In this volume

2007 Vol. 6 No. 1

Self-Psychology of Heinz Kohut as a Psychodynamic Framework for Dance/Movement Therapy

Keywords
sense of self, pre-verbal, intersubjectivity, affect theory, infant-mother, relational

Sandra explores the concept of the Self developing from an infant to an adult, through connections with Self-psychological theory of Heinz Kohut and the infant development theorist, Daniel Stern, to expand on Personal experience or Inner Life and Interactive Intersubjective Space. Through clinical examples Sandra describes how this conceptual understanding is applied to her therapeutic work. In summary, she writes: “Through Kohut’s concept of Self as an organization of experience and consolidation of agency in the service of talents, ambitions, and ideals, I have found a non-shaming and development-supporting theory for understanding and framing clients’ needs and treatment goals. The invariant patterns of awareness identify more ‘bite-size’ aspects of the self-promoting experiences and give me landmarks upon which to focus as well as measure my interventions. Whether working verbally or non-verbally, the concept of Self guides my therapeutic work toward growth and expressive embodied personhood.” (pp 2-6)

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The Form is not Separate from Content

Keywords
Laban Movement Analysis, phenomenology, body/effort/space/shape (BESS framework), performance,

This paper was presented by Janet for the ‘Shape’ Panel, at the Bratislava in Movement Conference, ‘Laban in the 21st Century’, October 6, 2006 (pp 7-10).

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Making our mark — an introduction to dance therapy in Australia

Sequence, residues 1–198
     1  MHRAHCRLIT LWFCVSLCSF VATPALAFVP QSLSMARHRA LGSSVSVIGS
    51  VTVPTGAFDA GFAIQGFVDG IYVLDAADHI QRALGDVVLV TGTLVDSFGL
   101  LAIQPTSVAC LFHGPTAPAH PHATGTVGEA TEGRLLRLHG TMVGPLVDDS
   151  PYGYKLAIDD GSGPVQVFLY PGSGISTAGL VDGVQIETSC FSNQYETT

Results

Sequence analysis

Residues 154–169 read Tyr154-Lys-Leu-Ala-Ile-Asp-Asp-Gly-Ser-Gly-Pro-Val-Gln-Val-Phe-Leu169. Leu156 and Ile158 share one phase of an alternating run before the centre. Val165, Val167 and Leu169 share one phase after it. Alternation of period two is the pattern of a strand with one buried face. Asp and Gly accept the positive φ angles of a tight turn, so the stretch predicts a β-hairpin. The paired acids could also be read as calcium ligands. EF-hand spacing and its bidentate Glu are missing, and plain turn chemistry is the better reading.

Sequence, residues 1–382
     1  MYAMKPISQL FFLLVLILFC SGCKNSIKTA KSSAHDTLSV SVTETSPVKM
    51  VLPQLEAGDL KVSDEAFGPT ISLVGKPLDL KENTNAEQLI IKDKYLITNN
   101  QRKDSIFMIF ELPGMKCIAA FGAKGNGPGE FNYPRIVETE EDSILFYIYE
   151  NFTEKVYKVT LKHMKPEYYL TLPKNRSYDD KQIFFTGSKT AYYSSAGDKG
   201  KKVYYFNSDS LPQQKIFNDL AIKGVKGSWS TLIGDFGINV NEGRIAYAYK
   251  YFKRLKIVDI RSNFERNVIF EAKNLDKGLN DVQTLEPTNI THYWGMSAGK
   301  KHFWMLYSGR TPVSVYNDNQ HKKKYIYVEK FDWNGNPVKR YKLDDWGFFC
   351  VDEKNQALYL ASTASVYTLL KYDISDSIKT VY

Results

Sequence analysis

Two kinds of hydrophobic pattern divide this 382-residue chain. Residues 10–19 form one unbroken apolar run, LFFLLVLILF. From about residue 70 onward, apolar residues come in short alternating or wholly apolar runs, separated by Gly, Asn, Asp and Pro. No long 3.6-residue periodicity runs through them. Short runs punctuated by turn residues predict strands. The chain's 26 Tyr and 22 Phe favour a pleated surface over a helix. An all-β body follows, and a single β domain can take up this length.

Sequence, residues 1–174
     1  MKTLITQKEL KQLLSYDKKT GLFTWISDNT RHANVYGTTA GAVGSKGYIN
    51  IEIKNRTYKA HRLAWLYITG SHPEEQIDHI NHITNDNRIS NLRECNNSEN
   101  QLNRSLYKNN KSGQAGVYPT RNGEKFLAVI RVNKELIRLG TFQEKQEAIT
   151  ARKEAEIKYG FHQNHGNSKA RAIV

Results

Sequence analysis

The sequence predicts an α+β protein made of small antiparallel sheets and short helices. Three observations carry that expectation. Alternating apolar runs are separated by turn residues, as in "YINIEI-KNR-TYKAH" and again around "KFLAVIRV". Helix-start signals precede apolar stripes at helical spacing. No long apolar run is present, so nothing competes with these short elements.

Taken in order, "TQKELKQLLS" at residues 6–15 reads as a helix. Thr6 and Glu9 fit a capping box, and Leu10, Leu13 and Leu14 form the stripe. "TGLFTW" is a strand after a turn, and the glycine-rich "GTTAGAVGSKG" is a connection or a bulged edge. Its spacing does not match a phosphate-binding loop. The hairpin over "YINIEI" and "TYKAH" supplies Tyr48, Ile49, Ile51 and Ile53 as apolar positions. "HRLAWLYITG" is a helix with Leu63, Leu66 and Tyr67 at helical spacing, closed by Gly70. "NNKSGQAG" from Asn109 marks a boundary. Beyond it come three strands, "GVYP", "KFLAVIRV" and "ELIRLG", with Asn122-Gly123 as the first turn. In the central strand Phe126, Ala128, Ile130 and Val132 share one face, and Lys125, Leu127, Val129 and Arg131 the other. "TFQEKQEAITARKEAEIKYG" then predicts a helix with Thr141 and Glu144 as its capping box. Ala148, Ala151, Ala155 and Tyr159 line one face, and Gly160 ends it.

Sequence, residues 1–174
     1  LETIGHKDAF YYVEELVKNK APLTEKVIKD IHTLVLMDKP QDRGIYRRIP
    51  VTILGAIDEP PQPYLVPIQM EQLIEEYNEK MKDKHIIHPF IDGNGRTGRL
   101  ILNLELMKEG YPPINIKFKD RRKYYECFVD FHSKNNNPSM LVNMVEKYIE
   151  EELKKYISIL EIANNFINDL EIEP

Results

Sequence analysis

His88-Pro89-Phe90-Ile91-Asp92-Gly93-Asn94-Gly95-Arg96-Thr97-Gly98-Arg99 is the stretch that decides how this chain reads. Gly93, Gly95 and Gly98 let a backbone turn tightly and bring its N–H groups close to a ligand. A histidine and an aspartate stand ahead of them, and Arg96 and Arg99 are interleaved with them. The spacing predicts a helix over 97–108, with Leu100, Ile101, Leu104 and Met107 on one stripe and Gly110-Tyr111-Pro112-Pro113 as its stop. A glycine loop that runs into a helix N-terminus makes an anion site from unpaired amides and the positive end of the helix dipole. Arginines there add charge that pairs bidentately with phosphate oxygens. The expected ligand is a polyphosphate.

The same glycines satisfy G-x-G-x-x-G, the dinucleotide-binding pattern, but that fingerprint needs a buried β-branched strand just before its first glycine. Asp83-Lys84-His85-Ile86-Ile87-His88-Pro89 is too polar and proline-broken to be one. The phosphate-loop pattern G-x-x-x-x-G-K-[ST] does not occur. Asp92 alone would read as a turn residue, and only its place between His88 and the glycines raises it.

Keywords
DMT history, mind/body, functional, aesthetic, meaning making, arts, embodied

The article came about as the result of ‘Arts Hub’ inviting the dance-movement therapy community to showcase its work. Heather undertook this task on behalf of the DTAA and wove within it some of our promotional information on dance-movement therapy. In brief she also touched on the history of dance therapy, gave an explanation including the profession’s fundamental beliefs, areas of work and whole-person approaches to therapy. The article was printed in Arts Hub on Wednesday, January 17, 2007 together with the list of books and papers available through the DTAA – mainly by Australian authors. The article is available from the Association as another resource for Australian DMT’s to use as a marketing/information giving tool. (pp 12-14)

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Together… moving with our eyes closed – Co-creating the intersubjective dialogue

Keywords
intersubjectivity, companioning, co-creation, research inquiry, therapeutic relationship, significant moments

In this brief article Julie reflects on her research inquiry at the Melbourne Institute for Experiential and Creative Arts Therapy stating “Fundamentally the focus of my inquiry is to develop a deeper understanding of how the therapeutic relationship is formed via the use of creative arts modalities while endeavouring to articulate the contributing factors that shape the intersubjective dialogue.” Illustrated with two co-created depictions of shared experiences with her client, the author gives a rich description of the qualities of the intersubjective space and shares her own feelings and her client’s – of being in this space together. (pp 15-16)

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Review – Helen Payne’s Workshop on “Authentic Movement” I see a Mover

Keywords
therapeutic process, Carl Rogers, somatisisation, impulse work, stillness, therapeutic relationship, group work

Sally gives an introduction of a 3 day workshop that she participated in, by commencing with the 10 ground rules for facilitating an Authentic Movement session. Processes of Authentic Movement and roles of ‘The Mover’ and ‘The Witness’ are described with examples from the workshop. Expressive journal reflections from the workshop are shared giving a sense of the transformative power of this experience. Rob describes her experiences of the workshop by discussing the meaningfulness of the challenges and restrictions of Authentic Movement. Rob also shares the significant shifts and differences she notices within herself post the workshop, supported by the generosity of time offered in the experientials. (pp 22-24)

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